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Iconic American clothing brands face a bleak future

fast fashion
Year 2015 has been where brands such as dElia's, Wet Seal, and Quicksilver have ceased to exist. Then there are others such as Aeropostale, American Apparel, Bebe, and Pacific Sunwear that are practically on life support, and are simply waiting their demise.

 

What led to the downfall of these labels? Retailers are realising that while Gen Y loved brands and loved donning their logos, Gen Z didn’t really care much for that. They, instead pick disposable fast fashion from stores such as H&M, Century 21, and Uniqlo. And, there are three more brands in the pipeline that may face the same fate as the others unless they change their ways.

Brands face a bleak future

abercrombie--fitch-logo

Abercrombie & Fitch is one among brands that are going down. Their marketing ethic and logo-centric clothes of ‘for cool kids only’ clearly stated that it was meant for a certain category of customers. The brand eventually started selling plus-sized clothes; it even got rid of the models in its stores, to attract good-looking shoppers. However, it still sells a surplus of outfits with the Abercrombie name on them.

The brand’s quarterly sales have dipped for 10 straight quarters, even at Hollister—its surf shop-cum-fast-fashion concept. Abercrombie is going ahead with its plan in a big way to open 15 new stores internationally this year, though the strong dollar is wrecking havoc on companies reconciling foreign currencies back to the US.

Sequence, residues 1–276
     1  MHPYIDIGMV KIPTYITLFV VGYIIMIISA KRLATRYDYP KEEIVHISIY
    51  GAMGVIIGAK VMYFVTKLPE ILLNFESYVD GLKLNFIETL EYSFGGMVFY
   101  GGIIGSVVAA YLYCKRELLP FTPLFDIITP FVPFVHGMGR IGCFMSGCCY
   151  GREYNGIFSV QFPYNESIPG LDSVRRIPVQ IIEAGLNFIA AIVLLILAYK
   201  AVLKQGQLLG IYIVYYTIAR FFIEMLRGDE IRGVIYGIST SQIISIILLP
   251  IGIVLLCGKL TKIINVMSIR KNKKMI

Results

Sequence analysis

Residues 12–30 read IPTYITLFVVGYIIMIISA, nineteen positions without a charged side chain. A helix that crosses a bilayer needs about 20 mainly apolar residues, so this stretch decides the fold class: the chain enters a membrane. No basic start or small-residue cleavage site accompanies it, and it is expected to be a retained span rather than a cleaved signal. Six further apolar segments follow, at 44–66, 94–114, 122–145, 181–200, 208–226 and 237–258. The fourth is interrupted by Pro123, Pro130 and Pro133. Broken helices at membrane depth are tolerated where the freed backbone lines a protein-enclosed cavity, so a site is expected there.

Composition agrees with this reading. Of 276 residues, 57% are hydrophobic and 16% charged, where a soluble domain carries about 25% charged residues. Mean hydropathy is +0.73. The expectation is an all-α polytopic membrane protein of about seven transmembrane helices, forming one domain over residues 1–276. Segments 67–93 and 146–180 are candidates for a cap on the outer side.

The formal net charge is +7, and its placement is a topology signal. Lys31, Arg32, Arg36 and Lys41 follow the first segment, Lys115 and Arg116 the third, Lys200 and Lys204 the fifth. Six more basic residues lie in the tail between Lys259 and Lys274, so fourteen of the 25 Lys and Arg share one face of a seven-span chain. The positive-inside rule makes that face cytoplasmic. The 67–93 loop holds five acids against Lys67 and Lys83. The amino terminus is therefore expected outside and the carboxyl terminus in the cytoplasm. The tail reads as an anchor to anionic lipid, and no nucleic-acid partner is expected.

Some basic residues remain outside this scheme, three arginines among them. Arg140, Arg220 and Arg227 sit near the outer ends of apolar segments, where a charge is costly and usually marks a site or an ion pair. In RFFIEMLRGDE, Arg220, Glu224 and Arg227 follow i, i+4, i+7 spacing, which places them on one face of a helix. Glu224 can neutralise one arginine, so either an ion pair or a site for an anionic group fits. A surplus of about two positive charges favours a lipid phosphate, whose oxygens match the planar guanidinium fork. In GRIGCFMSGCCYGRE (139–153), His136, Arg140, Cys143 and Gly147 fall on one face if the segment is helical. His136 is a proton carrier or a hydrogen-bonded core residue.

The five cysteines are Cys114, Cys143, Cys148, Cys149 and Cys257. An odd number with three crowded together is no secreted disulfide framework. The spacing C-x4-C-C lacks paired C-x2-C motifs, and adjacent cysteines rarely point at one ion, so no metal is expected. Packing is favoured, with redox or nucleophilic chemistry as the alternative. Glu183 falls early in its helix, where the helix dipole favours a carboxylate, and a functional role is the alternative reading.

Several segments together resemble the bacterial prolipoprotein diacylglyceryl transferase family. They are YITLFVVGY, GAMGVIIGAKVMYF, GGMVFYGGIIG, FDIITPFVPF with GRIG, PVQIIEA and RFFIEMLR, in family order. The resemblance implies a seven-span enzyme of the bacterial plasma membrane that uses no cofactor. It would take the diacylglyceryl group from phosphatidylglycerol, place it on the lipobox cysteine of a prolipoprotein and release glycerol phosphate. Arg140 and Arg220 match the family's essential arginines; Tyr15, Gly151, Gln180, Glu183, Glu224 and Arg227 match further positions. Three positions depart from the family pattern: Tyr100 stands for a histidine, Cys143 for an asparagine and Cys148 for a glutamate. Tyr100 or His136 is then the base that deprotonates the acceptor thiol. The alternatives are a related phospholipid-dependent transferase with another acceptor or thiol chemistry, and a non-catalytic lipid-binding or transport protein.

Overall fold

Year-to-date losses of the brand increased six-fold from the same period in 2014, even with a $408 million cash backup. This suggests that Abercrombie & Fitch may eventually succumb.

Gap's decision to remake all its stores into fast-fashion houses shows that it's following, not leading the retail industry. This happens when one chases fashion trends, instead of leading them. For 14 straight months, comp sales are down and the situation seems bleak. Gap is looking to turn its namesake stores and Banana Republic shops into disposable-clothing retailers too. While its Old Navy concept look as though it has successfully made the leap to fast fashion (second-quarter sales were up 3 per cent).

Art Peck, CEO, assured analysts, the retailer wants to layer the supply chain success of Old Navy onto its other concepts in time for spring 2016. The brand feels all its stores should do more than just dabble in disposable fashion, though ‘chic to cheap’ hardly seems to be the way to grow sales.

In the last quarter, Gap's comps were down 7 per cent, and Banana Republic's dipped 10 per cent. Thus, it needs to pull up its socks, and Abercrombie has proved that merely transforming a concept into a fashion-forward store does not spell success.

Another ones bites the dust

Guess’s second-quarter earnings dipped 17 per cent to $18 million, with per-share profits falling 19 per cent from the year-ago period to $0.21 as currency fluctuations swiped $0.10 per share. Sales in the Americas were down 5 per cent, and its e-commerce division suffered a 3 per cent drop.

Overseas too, the brand is struggling with sales in Europe down 4 per cent, and in Asia dipping 6 per cent; all this without any currency fluctuations. For three years, revenues have declined causing it to shut nearly 30 stores so far in 2015. Within the next year, 50 more would down shutters in a bid to control costs.

These retailers, seems to be dying a slow death, though each one has a unique opportunity to reverse the course they've set. Even if they don't regain their former glory and growth trajectories, they could still provide investors with meaningful returns.

www.gap.com

 
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